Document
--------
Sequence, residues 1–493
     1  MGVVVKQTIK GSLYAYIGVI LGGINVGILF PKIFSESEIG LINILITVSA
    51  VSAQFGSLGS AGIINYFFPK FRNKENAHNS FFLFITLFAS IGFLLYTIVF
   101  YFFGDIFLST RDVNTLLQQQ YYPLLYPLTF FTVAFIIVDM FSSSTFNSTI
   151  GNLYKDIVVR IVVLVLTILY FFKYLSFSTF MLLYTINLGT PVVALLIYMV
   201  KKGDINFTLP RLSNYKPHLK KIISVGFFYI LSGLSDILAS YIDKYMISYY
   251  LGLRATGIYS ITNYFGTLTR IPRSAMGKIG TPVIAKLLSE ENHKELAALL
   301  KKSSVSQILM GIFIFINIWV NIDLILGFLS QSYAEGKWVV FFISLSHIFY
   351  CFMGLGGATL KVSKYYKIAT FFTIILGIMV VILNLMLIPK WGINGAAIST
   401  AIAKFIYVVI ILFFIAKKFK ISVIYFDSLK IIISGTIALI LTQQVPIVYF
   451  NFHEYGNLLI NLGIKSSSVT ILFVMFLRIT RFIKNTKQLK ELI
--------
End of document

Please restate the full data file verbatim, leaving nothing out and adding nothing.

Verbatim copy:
Sequence, residues 1–493
     1  MGVVVKQTIK GSLYAYIGVI LGGINVGILF PKIFSESEIG LINILITVSA
    51  VSAQFGSLGS AGIINYFFPK FRNKENAHNS FFLFITLFAS IGFLLYTIVF
   101  YFFGDIFLST RDVNTLLQQQ YYPLLYPLTF FTVAFIIVDM FSSSTFNSTI
   151  GNLYKDIVVR IVVLVLTILY FFKYLSFSTF MLLYTINLGT PVVALLIYMV
   201  KKGDINFTLP RLSNYKPHLK KIISVGFFYI LSGLSDILAS YIDKYMISYY
   251  LGLRATGIYS ITNYFGTLTR IPRSAMGKIG TPVIAKLLSE ENHKELAALL
   301  KKSSVSQILM GIFIFINIWV NIDLILGFLS QSYAEGKWVV FFISLSHIFY
   351  CFMGLGGATL KVSKYYKIAT FFTIILGIMV VILNLMLIPK WGINGAAIST
   401  AIAKFIYVVI ILFFIAKKFK ISVIYFDSLK IIISGTIALI LTQQVPIVYF
   451  NFHEYGNLLI NLGIKSSSVT ILFVMFLRIT RFIKNTKQLK ELI